A new recovery program for abdominal surgery patients at University of Virginia Health System is helping patients go home sooner while making them more comfortable both before and after surgery.
Abdominal surgery patients typically need at least five to six days of recovery time before heading home from the hospital, said UVA colorectal surgeon Traci Hedrick, MD. One reason for the recovery time is that many patients develop an ileus - a condition that affects the patient's bowels and makes it difficult to eat. "If you can't eat, you can't be discharged from the hospital," said UVA anesthesiologist Bob Thiele, MD.
Two main causes of an ileus, Thiele said, are giving patients powerful pain medications known as opioids and large amounts of intravenous (IV) fluid following their surgery. The IV fluid can cause swelling and make it harder for patients to move around following surgery.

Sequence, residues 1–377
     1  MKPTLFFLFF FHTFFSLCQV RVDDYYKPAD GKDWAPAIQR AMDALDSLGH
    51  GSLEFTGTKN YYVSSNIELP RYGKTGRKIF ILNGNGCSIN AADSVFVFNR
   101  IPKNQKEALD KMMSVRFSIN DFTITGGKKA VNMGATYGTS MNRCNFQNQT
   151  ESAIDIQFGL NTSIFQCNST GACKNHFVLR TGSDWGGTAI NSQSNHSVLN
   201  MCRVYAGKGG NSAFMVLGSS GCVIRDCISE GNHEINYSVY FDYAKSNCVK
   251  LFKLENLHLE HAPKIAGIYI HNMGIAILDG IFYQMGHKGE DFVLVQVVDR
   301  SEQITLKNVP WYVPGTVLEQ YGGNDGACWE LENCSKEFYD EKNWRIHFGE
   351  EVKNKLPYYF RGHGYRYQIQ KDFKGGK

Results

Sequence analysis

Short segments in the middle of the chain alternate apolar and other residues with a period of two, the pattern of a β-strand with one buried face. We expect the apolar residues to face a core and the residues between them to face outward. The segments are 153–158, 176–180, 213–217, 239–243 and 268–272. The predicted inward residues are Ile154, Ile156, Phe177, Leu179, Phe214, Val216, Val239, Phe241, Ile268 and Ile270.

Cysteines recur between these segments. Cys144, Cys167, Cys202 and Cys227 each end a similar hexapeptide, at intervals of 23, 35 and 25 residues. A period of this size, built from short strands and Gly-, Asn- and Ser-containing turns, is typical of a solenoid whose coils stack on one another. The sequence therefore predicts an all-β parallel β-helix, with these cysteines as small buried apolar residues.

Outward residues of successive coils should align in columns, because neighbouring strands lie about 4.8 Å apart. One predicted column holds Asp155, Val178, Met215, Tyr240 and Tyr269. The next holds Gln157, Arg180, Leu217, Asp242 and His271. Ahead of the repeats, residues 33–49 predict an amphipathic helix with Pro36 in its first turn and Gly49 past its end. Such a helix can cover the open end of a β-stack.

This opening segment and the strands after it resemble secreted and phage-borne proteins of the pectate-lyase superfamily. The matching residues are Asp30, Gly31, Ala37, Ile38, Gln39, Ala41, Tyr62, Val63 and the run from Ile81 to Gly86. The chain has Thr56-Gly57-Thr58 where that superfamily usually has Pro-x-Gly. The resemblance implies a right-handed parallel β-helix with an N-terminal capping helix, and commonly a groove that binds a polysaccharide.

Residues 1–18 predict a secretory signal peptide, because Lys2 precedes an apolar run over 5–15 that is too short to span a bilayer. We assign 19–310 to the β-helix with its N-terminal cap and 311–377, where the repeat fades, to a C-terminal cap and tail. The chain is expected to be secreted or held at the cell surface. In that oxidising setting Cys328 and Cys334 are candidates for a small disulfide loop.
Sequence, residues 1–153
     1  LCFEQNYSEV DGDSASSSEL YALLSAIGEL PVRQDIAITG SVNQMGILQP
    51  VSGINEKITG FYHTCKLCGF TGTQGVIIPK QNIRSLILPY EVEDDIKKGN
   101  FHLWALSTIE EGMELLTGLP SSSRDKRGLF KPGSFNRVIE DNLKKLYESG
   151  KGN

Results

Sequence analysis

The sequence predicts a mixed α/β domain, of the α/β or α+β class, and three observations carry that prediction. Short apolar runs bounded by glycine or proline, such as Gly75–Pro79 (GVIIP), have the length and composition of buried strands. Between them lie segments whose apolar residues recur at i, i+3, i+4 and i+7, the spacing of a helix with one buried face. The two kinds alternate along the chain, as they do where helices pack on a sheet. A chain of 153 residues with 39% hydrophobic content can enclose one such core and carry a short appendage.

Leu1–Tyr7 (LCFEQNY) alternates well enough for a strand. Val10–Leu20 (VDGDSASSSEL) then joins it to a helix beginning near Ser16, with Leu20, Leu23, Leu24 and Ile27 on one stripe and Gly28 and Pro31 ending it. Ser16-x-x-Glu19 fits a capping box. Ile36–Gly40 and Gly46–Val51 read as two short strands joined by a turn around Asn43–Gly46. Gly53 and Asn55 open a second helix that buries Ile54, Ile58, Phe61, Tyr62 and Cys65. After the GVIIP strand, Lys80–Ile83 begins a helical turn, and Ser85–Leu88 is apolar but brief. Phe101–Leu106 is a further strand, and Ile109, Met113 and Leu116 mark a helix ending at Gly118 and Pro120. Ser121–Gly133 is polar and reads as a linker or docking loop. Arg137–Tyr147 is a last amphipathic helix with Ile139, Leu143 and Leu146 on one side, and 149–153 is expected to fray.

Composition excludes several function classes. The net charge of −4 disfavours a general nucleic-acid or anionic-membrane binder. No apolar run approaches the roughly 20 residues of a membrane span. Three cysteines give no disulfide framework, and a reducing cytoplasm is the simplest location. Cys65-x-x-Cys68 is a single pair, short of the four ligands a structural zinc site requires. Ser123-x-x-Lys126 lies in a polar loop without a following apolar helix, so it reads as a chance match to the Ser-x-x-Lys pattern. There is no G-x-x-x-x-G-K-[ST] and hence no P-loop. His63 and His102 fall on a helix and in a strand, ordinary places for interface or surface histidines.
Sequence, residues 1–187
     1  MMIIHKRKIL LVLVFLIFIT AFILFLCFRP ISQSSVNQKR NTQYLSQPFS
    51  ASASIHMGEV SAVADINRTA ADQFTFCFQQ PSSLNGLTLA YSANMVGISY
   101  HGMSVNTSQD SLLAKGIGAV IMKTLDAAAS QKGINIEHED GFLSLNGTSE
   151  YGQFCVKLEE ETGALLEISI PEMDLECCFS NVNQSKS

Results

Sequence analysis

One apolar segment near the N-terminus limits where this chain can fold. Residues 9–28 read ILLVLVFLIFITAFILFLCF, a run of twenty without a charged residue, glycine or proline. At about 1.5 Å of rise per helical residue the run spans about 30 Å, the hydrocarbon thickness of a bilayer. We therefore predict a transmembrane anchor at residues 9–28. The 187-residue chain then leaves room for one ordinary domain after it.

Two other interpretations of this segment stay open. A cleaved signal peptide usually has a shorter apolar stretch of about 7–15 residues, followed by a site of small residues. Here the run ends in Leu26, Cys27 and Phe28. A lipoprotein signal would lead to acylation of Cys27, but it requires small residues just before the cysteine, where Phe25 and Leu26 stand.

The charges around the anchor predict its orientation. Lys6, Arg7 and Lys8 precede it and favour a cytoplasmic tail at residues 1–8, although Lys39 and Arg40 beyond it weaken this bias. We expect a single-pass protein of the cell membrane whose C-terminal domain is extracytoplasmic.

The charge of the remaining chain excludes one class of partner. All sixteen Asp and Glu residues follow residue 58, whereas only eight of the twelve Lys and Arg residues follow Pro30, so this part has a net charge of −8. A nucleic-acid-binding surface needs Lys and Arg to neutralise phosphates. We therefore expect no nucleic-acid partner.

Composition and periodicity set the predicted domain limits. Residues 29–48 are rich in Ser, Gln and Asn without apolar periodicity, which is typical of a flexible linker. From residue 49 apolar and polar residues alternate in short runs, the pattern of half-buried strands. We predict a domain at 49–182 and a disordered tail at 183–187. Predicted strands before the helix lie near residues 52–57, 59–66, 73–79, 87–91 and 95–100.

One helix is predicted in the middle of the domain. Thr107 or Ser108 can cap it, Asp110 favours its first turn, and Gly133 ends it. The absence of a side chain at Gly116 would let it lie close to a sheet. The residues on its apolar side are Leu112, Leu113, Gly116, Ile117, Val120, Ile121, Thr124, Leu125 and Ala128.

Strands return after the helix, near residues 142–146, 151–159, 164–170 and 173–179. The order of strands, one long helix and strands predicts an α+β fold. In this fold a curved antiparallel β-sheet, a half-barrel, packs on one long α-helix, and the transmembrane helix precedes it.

An Enhanced Recovery Program
UVA's team took several steps to improve the recovery process:
•To reduce the need for IV fluid, UVA abdominal surgery patients are allowed to have sports drinks up to two hours before their surgery and immediately following surgery.
•Opioid pain medications have largely been replaced with non-narcotic medications such as acetaminophen.
•Patients are required to get out of bed and move around. Patients need to be out of bed for six hours on the first day following surgery and eight hours on the second day.
The recovery program takes a team effort from across the Health System, including UVA anesthesiologists, colorectal surgeons, the pre-admission testing center and nurses who care for the patients before, during and after surgery.
"Our staff is really enthusiastic about the program," Hedrick said. "We're asking them to do more, such as getting patient out of bed in the recovery room, but they're happy to do it because it helps the patients."